101st Département of France: Mayotte

Mayotte, currently an overseas collectivity of France, should become an official overseas département of France, after a vote in April 2009. Geographically, Mayotte is part of the Comoro Islands (north of Madagascar in the Indian Ocean), but it voted to remain a French territory in the 1970′s instead of joining the Union of Comoros which gained its independence from French rule at the same time.

Metropolitan France has 96 départements, including Corsica. There are 4 overseas départements, La Réunion, French Guiana, Guadeloupe and Martinique; as well as other overseas collectivities, such as French Polynesia, Saint-Barthélemy, Saint-Martin, Saint-Pierre et Miquelon and Wallis et Futuna. New Caledonia also technically belongs to France, though it will vote on independence in 2014.

Mayotte is also known as Mahoré, especially by those who do not agree with the French status of the island. Most inhabitants speak Shimaore, Shindzwani, and Kibushi as a first language, while French is the only official language. The island has no railroads, but 58 miles of highways and one airport. The currency is the euro and the population is 186,000.

The controversy surrounding the French control of Mayotte is still a problem today. Many Comorians believe Mayotte should belong to the Union of Comoros. Even one week ago, the president of the Comorian assemblée , Saïd Dhoifir Bounou, refused to be subjected to the contrôles of the French border police because he claimed that Mayotte belonged to the Comoros and that France had no legal right to question him in his own country.

Another problem that will need to be addressed is illegal immigration of Comorians to Mayotte. A third of the population of Mayotte is said to be Comorian, most of whom are illegal. Many come from the island of Anjouan to have children in Mayotte, hoping that they will gain French citizenship someday. Mahorans are 10 times richer than Comorians, and this gap will only get wider when Mahorans are able to benefit from French prestations sociales, such as the RMI. Even though France plans to introduce short-stay visas for Comorians to go to Mayotte in the hopes of discouraging illegal immigration, the département status of Mayotte may actually attract more immigrants.

Until recently, Mahorans did not have last names. They were forced to choose one in order to have an état civil and receive birth and marriage certificates. Yet half the population today still does not have an état civil, which is required for Mahorans to become French citizens.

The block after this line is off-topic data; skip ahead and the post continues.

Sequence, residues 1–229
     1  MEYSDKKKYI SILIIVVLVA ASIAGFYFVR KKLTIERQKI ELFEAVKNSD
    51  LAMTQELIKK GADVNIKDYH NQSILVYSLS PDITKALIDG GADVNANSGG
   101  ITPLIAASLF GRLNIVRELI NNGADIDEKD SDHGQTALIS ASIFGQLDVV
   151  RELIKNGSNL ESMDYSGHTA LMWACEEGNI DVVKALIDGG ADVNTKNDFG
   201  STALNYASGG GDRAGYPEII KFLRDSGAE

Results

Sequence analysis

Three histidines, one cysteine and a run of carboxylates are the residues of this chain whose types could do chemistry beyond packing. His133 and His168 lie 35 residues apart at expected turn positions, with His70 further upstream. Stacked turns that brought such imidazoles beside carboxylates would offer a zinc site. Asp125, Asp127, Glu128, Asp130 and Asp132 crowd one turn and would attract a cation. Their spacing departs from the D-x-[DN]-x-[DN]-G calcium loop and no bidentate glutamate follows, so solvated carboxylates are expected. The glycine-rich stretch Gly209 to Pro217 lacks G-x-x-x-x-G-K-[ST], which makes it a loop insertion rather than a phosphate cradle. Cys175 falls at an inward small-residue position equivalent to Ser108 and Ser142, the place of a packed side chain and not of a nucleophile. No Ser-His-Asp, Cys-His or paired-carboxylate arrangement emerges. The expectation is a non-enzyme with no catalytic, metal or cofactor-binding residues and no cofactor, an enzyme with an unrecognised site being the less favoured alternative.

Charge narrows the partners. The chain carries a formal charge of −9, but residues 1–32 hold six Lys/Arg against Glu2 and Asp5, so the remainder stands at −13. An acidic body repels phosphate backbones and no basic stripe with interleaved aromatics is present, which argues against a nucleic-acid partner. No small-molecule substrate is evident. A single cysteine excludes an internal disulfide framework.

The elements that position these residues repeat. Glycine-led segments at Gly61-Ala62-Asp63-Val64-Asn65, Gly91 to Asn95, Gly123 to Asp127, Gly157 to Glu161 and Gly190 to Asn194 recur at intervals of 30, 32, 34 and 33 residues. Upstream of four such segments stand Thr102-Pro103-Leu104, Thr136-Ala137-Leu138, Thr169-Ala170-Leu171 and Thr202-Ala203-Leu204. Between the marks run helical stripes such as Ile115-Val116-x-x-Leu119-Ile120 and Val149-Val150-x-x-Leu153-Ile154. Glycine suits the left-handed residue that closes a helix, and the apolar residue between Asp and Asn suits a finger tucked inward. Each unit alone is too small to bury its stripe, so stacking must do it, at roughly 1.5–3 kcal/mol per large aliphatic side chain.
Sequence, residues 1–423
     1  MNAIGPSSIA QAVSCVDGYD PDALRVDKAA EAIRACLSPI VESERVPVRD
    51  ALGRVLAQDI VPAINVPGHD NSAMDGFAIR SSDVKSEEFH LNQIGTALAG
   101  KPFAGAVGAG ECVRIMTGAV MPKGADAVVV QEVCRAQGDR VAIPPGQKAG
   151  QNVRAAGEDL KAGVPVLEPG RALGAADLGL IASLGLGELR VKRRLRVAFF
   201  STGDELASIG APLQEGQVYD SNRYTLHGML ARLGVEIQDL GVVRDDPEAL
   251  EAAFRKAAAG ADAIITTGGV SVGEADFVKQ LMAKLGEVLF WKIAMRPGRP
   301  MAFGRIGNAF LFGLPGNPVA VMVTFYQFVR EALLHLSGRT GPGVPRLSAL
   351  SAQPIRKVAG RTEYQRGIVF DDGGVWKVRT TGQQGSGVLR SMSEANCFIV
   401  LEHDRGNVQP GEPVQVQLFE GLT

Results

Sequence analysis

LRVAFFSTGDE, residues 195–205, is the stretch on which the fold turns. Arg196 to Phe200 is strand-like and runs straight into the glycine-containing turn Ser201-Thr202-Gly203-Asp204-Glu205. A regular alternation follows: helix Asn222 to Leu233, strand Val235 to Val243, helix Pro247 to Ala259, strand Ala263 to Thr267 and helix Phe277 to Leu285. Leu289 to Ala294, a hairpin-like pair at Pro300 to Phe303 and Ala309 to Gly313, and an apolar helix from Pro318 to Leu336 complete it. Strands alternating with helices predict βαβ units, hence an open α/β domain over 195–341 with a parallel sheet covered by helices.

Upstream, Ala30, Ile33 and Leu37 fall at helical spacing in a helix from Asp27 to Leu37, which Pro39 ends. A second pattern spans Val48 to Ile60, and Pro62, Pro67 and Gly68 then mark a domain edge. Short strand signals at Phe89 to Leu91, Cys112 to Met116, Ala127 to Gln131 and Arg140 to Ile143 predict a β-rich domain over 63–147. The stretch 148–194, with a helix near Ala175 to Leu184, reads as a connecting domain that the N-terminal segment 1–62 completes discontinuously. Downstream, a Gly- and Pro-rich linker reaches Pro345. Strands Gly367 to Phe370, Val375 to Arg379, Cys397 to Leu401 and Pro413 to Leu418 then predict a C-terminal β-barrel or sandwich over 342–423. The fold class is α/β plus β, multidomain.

Obviously, there are many obstacles to overcome in the coming years, but normalement, Mayotte will become the 101st département of France – the first to be added since 1946.

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  • Olly in Lyon

    Sorry to nitpick in what was otherwise an interesting article, but the newest départements in France were created not in 1946, but in 1968 (when the Paris region was reorganised, abolishing two départements and creating seven new ones) and 1976 (when Corsica was re-split in two; and when Saint-Pierre-et-Miquelon temporarily became a département d’outre-mer, before reverting to a collectivité territoriale in 1985).

    Anyway, interesting blog; keep up the good work. ;-)

  • Olly in Lyon

    Sorry to nitpick in what was otherwise an interesting article, but the newest départements in France were created not in 1946, but in 1968 (when the Paris region was reorganised, abolishing two départements and creating seven new ones) and 1976 (when Corsica was re-split in two; and when Saint-Pierre-et-Miquelon temporarily became a département d’outre-mer, before reverting to a collectivité territoriale in 1985).

    Anyway, interesting blog; keep up the good work. ;-)

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Why is Jennie no longer in France?

I created this blog in September 2006 when I moved to France from Michigan to teach English. Many of the earlier posts are about my personal life in France, dealing with culture shock, traveling in Europe and becoming fluent in French. In January 2010, I started focusing more on teaching and learning languages in general. In July 2011, I relocated to Australia to start my PhD in Applied Linguistics. Although I am no longer living in France, my research is on foreign language pedagogy and I teach French at the university so these themes appear most often on the blog. I also continue to post about traveling (though now my trips are usually in Australia) and being an American abroad.

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